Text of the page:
We must also help the new disciple understand the difference between intellectual faith and saving faith. The Bible says that we must trust the Lord with all of our heart and not lean on our own understanding (Proverbs 3:5). Many people believe the teaching of the Bible in an intellectual way, but not in a saving way. Those people who grow up in Christian families cannot remember a time when they did not believe that Jesus was the Son of God and the Savior of the world, but that does not mean they have personally seen their lost condition and placed their trust in the gracious promise of Christ.
We must help the new disciple discern whether they have truly trusted in Christ for salvation or are merely believing the teachings of the Christian faith. It is often only a subtle difference, but the difference will have eternal consequences. One way to tell the difference is by seeing whether or not the disciple has ever come under the conviction of the Spirit and seen their lost condition. If they believe that they have always been saved, that is usually a clear sign that they still only have an intellectual and religious faith, not the saving faith which comes from the heart. If they are not aware of a time in the past when they were lost, that is good evidence that they are still lost today. But we still cannot discount the fact that some people have been trusting in Christ from such a young age they cannot remember a time they were not trusting in Christ. So we must not totally rely on the experience, or lack of experience, in the past. We must look at the present and see if they are trusting Christ now, even if they don’t know when that faith began.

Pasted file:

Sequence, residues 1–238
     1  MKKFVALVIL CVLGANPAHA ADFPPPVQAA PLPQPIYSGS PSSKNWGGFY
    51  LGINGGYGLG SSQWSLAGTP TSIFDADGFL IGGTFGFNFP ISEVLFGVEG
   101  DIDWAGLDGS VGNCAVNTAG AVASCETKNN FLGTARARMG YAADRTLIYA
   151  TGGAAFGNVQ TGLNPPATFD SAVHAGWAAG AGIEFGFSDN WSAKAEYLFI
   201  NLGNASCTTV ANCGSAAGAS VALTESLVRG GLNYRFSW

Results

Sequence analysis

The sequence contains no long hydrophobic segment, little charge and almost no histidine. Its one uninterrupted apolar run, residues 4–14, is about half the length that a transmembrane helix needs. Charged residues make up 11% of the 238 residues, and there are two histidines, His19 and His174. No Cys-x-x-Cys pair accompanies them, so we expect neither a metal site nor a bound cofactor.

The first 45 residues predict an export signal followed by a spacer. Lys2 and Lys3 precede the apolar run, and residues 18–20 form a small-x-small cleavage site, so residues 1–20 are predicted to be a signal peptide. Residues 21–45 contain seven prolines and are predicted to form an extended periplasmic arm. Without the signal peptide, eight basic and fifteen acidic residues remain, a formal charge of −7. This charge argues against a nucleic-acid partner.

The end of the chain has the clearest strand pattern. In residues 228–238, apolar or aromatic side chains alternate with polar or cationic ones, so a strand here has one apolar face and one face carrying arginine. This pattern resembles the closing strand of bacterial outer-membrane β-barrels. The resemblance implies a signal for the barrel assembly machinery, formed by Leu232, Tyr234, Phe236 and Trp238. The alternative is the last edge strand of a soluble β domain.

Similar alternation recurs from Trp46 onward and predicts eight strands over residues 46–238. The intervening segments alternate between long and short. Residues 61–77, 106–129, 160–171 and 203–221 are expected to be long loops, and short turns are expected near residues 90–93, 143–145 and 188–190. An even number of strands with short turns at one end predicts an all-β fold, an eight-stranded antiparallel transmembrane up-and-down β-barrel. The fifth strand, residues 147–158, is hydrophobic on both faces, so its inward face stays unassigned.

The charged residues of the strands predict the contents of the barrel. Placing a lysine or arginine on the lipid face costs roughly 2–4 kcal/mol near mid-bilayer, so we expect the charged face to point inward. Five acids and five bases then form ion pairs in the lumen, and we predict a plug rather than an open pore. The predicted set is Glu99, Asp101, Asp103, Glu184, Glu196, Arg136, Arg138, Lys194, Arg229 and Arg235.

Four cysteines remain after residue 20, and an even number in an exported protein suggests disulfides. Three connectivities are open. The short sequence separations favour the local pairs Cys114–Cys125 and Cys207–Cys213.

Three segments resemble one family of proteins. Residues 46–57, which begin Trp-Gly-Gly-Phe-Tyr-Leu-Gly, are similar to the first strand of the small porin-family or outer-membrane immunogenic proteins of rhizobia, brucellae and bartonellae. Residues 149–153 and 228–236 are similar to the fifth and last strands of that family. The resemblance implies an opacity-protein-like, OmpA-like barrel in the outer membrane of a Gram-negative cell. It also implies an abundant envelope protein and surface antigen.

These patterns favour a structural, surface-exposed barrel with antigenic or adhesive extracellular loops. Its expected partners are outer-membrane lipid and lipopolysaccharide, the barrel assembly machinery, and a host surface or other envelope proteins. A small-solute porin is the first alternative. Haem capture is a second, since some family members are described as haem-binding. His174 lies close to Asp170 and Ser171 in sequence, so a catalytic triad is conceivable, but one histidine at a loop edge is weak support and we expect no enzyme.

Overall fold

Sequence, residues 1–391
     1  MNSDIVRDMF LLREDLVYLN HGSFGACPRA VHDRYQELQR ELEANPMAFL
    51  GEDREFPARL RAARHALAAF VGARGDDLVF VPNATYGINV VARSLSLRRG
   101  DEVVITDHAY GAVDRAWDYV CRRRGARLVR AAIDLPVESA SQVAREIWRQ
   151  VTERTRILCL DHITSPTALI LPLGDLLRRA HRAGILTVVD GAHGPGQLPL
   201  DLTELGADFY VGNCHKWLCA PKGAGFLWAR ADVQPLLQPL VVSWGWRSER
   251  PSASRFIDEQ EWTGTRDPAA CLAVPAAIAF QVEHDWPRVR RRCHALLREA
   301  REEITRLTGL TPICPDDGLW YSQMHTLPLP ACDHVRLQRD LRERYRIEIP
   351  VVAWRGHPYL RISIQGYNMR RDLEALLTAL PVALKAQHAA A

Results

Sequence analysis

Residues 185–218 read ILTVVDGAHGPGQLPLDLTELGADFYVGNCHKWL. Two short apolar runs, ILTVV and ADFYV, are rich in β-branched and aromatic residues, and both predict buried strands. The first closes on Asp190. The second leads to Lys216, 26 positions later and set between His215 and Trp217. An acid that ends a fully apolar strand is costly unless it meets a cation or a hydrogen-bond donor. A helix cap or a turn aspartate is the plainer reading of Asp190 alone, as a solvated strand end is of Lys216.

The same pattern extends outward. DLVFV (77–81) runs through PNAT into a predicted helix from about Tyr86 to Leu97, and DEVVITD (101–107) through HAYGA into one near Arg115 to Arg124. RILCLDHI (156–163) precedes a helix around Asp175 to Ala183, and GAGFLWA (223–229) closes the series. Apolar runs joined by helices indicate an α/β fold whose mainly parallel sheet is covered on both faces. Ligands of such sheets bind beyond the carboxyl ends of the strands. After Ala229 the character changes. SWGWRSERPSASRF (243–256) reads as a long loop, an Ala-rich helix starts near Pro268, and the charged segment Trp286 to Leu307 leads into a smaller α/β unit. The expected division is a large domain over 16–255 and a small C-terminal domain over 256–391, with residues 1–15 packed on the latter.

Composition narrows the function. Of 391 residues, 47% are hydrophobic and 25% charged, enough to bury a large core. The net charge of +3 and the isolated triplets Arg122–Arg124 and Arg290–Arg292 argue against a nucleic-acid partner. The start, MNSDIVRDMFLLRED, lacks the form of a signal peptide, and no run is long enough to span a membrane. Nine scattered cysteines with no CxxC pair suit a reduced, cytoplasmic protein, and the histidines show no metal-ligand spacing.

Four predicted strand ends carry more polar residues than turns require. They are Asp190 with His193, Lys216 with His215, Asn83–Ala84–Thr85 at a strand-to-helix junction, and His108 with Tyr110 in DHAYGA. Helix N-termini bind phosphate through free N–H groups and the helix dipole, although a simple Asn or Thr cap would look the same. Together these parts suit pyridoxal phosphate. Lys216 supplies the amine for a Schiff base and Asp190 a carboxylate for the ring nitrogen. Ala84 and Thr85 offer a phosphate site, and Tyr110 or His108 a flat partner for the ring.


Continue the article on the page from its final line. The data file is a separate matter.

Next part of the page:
Read: Acts 2:38, Acts 16:30-31
Teaching: We cannot come into fellowship with God if we remain in rebellion to Him, this is why we must repent. But after we have repented we also must trust in Christ. Through repentance we accept Jesus Christ as our Lord and through faith we are accepted by God through the mercy of Jesus Christ. Repentance cannot wash away our sins, only the Jesus can cleanse us from our sin and make us acceptable to God.
Trusting in Jesus Christ is more than just believing that He is the Savior of the world; we must come to Him for mercy and trust that He gives it willingly to us. When we savingly trust in Christ we will understand that we cannot earn forgiveness and that only Jesus can reconcile us to God. Our hope for forgiveness, transformation and eternal life must be placed only in Jesus Christ, not in our own righteousness, good intentions or good works.
Discussion: Is there anything you can do that will cleanse you from your sins? Do you believe you have placed your trust in Christ alone for salvation? Why do you believe so? If you died right now would you go to heaven or hell? Why do you believe so? Was there a time you did not truly trust in Christ? Why do you believe that Christ is willing and able to save you?